O how glad I am I’ve found you,
With Forget-me-nots around you,
Blue, the colour of the sky!
Fairy baby, Hushaby!
’Mid scarlet of poppies and gold of the corn,
In wide-spreading fields were the Cornflowers born;
But now I look round me, and what do I see?
That lilies and roses are neighbours to me!
There’s a beautiful lawn, there are borders and beds,
Where all kinds of flowers raise delicate heads;
For this is a garden, and here, a Boy Blue,
I live and am merry the whole summer through.
My blue is the blue that I always have worn,
And still I remember the poppies and corn.
Bells that ring from ancient towers—
Give their name to summer flowers—
Do the flower-fairies, playing,
Know what those great bells are saying?
Fairy, in your purple hat,
Little fairy, tell us that!
“Naught I know of bells in towers—
Mine are pink or purple flowers—
When I set them all a-swaying,
Something, too, my bells are saying;
Can’t you hear them—ding-dong-ding—
Calling fairy-folk to sing?”
Here Sweet Peas are climbing;
(Here’s the Sweet Pea rhyme!)
Here are little tendrils,
Helping them to climb.
Here are sweetest colours;
Fragrance very sweet;
Here are silky pods of peas,
Not for us to eat!
Here’s a fairy sister,
Trying on with care
Such a grand new bonnet
For the baby there.
Does it suit you, Baby?
Yes, I really think
Nothing’s more becoming
Than this pretty pink!
August in the garden!
Now the cheerful Phlox
Makes one think of country-girls
Fresh in summer frocks.
There you see magenta,
Here is lovely white,
Mauve, and pink, and cherry-red—
Such a pleasant sight!
Smiling little fairy
Climbing up the stem,
Tell us which is prettiest?
She says, “All of them!”
“How do you do, Grape Hyacinth?
How do you do?”
“Pleased to see you, Polyanthus,
Pleased to see you,
With your stalk so straight
and your colours so gay.”
“Thank you, neighbour!
I’ve heard good news today.”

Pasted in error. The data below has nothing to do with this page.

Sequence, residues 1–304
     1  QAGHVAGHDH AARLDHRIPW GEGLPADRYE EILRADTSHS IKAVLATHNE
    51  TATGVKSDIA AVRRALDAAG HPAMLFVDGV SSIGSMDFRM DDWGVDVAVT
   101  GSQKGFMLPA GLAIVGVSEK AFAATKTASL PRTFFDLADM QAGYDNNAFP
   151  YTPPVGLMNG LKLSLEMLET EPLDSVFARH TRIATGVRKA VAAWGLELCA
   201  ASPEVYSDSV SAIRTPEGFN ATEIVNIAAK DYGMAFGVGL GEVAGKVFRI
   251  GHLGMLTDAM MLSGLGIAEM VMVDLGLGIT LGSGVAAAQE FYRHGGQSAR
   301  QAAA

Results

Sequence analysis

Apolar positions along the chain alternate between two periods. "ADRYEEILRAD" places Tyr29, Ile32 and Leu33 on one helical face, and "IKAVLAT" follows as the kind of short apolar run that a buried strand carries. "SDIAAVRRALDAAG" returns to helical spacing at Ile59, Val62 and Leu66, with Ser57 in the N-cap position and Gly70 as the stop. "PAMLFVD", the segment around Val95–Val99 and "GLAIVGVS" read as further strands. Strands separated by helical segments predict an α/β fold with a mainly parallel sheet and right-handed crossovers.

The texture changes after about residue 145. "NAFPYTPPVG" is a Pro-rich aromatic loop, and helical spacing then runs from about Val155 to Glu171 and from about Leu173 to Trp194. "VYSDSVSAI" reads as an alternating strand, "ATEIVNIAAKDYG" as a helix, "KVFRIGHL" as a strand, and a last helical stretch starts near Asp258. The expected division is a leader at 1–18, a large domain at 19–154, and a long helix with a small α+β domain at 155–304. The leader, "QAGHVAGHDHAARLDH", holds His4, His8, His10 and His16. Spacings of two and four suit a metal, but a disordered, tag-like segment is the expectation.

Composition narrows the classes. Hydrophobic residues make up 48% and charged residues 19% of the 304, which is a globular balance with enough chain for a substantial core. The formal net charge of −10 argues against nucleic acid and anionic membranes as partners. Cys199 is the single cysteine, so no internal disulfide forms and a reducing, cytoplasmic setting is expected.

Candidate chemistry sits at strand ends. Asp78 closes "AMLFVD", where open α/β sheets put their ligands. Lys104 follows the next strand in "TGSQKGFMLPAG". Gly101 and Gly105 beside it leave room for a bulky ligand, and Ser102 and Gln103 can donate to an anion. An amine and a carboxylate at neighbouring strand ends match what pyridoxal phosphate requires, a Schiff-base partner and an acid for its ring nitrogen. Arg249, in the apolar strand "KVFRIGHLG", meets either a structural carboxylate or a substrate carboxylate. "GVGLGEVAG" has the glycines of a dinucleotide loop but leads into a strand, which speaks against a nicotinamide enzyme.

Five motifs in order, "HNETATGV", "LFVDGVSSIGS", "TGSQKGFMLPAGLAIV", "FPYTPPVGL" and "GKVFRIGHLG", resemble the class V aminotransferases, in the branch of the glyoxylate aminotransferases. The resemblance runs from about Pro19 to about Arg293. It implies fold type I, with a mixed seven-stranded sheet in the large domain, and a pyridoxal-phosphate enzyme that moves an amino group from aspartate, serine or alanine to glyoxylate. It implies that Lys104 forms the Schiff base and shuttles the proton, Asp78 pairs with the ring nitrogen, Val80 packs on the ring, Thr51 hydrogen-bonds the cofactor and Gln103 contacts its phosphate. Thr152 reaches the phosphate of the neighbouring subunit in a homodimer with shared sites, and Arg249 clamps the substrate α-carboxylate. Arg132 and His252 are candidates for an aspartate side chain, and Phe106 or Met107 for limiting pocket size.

“What is the news, Polyanthus?
What have you heard?”
“News of the joy of Spring,
In the song of a bird!”
“Yes, Polyanthus, yes,
I heard it too;
That’s why I’m here,
with my bells in spires of blue.”
There once was a child in a garden,
Who loved all my colours of flame,
The crimson and scarlet and yellow—
But what was my name?
For Gaillardia’s hard to remember!
She looked at my yellow and red,
And thought of the gold and the glory
When the sun goes to bed;
And she troubled no more to remember,
But gave me a splendid new name;
She spoke of my flowers as Sunsets—
Then you do the same!
Red, red, vermilion red,
With buds and blooms in a glorious head!
There isn’t a flower, the wide world through,
That glows with a brighter scarlet hue.
Her name—Geranium—ev’ryone knows;
She’s just as happy wherever she grows,
In an earthen pot or a garden bed—
Red, red, vermilion red!
We were all of us scarlet, and counted as weeds,
When we grew in the fields with the corn;
Now, fall from your pepper-pots, wee little seeds,
And lovelier things shall be born!
You shall sleep in the soil, and awaken next year;
Your buds shall burst open; behold!
Soft-tinted and silken, shall petals appear,
And then into Poppies unfold—
Like daintiest ladies, who dance and are gay,
All frilly and pretty to see!
So I shake out the ripe little seeds, and I say:
“Go, sleep, and awaken like me!”
Early in the mornings,
when children still are sleeping,
Or late, late at night-time,
beneath the summer moon,
What are they doing,
the busy fairy people?
Could you creep to spy them,
in silent magic shoon,
You might learn a secret,
among the garden borders,
Something never guessed at,
that no one knows or thinks:
Snip, snip, snip, go busy fairy scissors,
Pinking out the edges
of the petals of the Pinks!
Pink Pinks, white Pinks,
double Pinks, and single,—
Look at them and see
if it’s not the truth I tell!
Why call them Pinks